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    Polcompball Wiki

    List of movements/Political Parties/Ukraine





    Cball-UkrSSR.png Ukrainian SSR

    Undergound/Banned parties and movements:

    Cball-Ukraine.png West Ukrainian People's Republic (1918-1919)

    Cball-UkrainianPeoplesRepublic.png Ukrainian People's Republic (1917-1921)

    Cball-AustriaHungary.png Divided Ukraine Cball-Russian Empire.png

    Cball-AustriaHungary.png Austria-Hungary
    Cball-Russian Empire.png Russian Empire

    List of People

    Cball-KyivanRus.png Grand princes of Kyivan Rus' Rurik.png

    Cball-GaliciaVolhynia.png Kingdom of Galicia-Volhynia

    Cball-Hetman.png Hetmans of Cossack Hetmanate

    Cball-PL.png Right-bank Cball-Ottomanism.png

    Cball-RussiaTsardom.png Left-bank Cball-Russian Empire.png

    Cball-UkrainianPR.png Revolution and Civil war period

    Cball-Ukraine.png Carpatho-Ukraine

    Prime Ministers

    Cball-UkrainianPR.png UPR in exile

    Cball-UkrSSR.png First Secretaries of the Communist Party of Ukraine

    Cball-Ukraine.png Modern Ukraine

    Prime Ministers

    Chairmen of the Verkhovna Rada

    Notes and References

    1. The party is led by Ihor Palytsya, who is considered to be a close friend of Ihor Kolomoyskyi. Ukrainian journalists link the party with the said oligarch, as it debatably represents Kolomoskyi's interests in the Parliament, however, the party members officially deny these connections. The party mostly follows the same ideology as SotP.
    2. D7 also classifies itself as "the party of trolls". However this also attracted radical nationalists, despite having a right-liberal ideology.
    3. In 2019, the Bellingcat research network published the results of its investigations, which indicate regular contacts between representatives of the National Corps and Azov Battalion with the American far-right, including a representative of Atomwaffen.png Atomwaffen Division. In audio files available to the research network, the international secretary of the National Corps, responsible for Azov's strategy, summarized the goal of working with the Americans as a "global conservative revolution" aimed at "protecting the white race."
    4. A paramilitary organization of the party called "National Druzhyna" (National Squad), is linked with the political interests of the former Minister of Internal Affairs Arsen Avakov, but both representatives of the organization and Avakov himself denied the connections. Officialy, its leader is Ihor Mykhalylenko, but some media outlets say that the Russian neo-Nazi Sergey Korotkikh aka "Botsman", is its actual leader.
    5. The party advocates for extended local power and decentralization, but not federalism. Localism is used as the closest equivalent.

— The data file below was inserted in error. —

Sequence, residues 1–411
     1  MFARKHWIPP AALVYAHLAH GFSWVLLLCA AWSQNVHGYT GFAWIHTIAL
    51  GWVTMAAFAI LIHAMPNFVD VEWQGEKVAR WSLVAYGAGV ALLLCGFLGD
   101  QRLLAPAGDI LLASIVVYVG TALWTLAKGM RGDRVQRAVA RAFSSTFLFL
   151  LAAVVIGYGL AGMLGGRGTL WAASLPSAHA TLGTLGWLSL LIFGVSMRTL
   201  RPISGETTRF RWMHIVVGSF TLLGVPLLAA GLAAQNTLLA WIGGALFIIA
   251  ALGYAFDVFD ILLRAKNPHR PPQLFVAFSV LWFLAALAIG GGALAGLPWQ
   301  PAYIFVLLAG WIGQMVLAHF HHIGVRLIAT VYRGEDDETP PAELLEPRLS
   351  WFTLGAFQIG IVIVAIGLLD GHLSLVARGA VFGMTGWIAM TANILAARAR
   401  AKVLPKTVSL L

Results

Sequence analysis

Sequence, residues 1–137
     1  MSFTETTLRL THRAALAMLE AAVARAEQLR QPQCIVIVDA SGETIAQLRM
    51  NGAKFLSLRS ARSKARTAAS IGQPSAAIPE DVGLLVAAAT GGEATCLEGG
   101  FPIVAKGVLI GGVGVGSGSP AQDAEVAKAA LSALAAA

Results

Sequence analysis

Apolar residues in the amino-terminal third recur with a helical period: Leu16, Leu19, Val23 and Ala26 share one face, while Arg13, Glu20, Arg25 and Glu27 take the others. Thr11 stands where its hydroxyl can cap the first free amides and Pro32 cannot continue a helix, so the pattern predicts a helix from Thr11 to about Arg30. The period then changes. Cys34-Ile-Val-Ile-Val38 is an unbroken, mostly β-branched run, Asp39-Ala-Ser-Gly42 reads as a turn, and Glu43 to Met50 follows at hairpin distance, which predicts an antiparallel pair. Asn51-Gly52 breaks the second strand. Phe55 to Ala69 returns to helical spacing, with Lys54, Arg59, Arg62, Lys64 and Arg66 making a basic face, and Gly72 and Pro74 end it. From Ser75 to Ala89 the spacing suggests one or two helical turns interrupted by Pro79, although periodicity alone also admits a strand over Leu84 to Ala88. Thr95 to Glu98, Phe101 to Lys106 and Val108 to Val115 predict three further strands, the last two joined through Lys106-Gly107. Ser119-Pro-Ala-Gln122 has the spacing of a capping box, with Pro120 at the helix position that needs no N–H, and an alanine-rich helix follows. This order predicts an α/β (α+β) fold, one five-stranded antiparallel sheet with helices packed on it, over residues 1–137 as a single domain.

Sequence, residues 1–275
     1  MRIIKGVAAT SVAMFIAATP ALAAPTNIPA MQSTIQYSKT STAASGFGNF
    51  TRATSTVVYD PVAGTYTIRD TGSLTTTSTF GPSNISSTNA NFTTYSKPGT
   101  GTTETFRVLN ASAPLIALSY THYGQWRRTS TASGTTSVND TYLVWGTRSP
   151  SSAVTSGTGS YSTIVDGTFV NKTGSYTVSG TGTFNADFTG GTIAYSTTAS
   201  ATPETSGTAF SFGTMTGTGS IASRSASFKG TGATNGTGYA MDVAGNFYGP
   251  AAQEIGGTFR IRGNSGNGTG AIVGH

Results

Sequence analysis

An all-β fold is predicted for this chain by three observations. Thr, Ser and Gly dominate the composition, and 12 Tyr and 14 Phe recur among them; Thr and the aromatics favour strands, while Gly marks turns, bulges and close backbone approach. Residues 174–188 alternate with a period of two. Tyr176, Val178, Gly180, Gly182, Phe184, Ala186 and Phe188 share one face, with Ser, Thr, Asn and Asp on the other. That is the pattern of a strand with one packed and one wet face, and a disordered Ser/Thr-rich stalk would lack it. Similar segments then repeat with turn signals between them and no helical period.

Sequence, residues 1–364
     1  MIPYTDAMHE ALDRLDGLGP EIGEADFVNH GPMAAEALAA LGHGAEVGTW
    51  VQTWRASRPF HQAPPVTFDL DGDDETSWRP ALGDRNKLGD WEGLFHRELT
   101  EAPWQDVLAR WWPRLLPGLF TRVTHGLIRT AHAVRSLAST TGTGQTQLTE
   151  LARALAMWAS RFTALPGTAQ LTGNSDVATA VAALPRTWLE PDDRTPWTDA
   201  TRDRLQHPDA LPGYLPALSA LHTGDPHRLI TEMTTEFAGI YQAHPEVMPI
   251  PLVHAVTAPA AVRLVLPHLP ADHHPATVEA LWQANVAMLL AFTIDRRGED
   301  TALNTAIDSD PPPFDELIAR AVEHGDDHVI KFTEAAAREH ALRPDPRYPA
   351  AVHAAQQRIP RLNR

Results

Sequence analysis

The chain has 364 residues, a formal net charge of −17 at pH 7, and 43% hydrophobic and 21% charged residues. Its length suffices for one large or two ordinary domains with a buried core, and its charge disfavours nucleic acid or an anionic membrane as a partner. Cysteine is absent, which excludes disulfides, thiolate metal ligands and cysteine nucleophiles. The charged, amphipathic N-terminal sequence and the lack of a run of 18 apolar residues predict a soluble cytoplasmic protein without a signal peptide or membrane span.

6. Oleh Lyashko was a frequent guest on Plutocrat.png Rinat Akhmetov's TV channels before the full-scale invasion, with some believing that Akhmetov is financially involved in the party.
    7. Notable memebers include: Viktor Medvedchuk, Leonid Kravchuk, Leonid Kuchma, Petro Poroshenko, Nestor Shufrych, Hryhoriy Surkis and some other nasty folks. Think of SDPU(u) as Partyofregions.png Party of Regions of the 1990's and early to mid-2000's.
    8. Political wing was dissolved in 2014 but the militant wing continues to exist.
    9. Former members of Party of Regions formed the Opposition Bloc in mid-late 2014. Four years later, due to internal disagreements between the members, a schism has occured and Opposition Platform - For Life has formed. The vast majority of OB joined that party. It is believed that both of them were controlled by prominent oligarchs, such as Rinat Akhmetov, Borys Kolesnikov, Vadim Novinskiy and by Dmytro Firtash, Sergiy Lyovochkin and Viktor Medvedchuk for OB and OPFL, respectively.
    10. Anatoliy Sharii was an infamous YouTube.png political blogger known for his staunch ukrainophobic, anti-US, eurosceptic (in an ironic twist, while living in Spain, an EU country) and pro-Russian views, but he no longer blogs as his cahnnels have been shut down and his party banned.
    11. The party of Sharii was receiving financial support by being featured in selected (now defenct) news channels as well as mentions in interviews with politicians, promotion of certain events and "political persecution by the nationalists" from the pro-Russian Opposition Platform - For Life (OPFL) party and one of its leaders, Viktor Medvedchuk.
    12. UoL was made up of non-Ukrainians who were against independence, but had close ties to UDAP. At the end of October 1918, UoL split into low and middle-class farmers who were pro-independence, and upper-class landlords, who demanded a federation with Russia.
    13. The first ukrainian party that advocated for the independent Ukrainian nation. The party's leaders were Mykola Mikhnovskyi and Shemet brothers with former being one of the key figures in the early Ukrainian nationalism.
    14. Leo I supported Mongol Empire
    15. Leo I supported Mongol Empire
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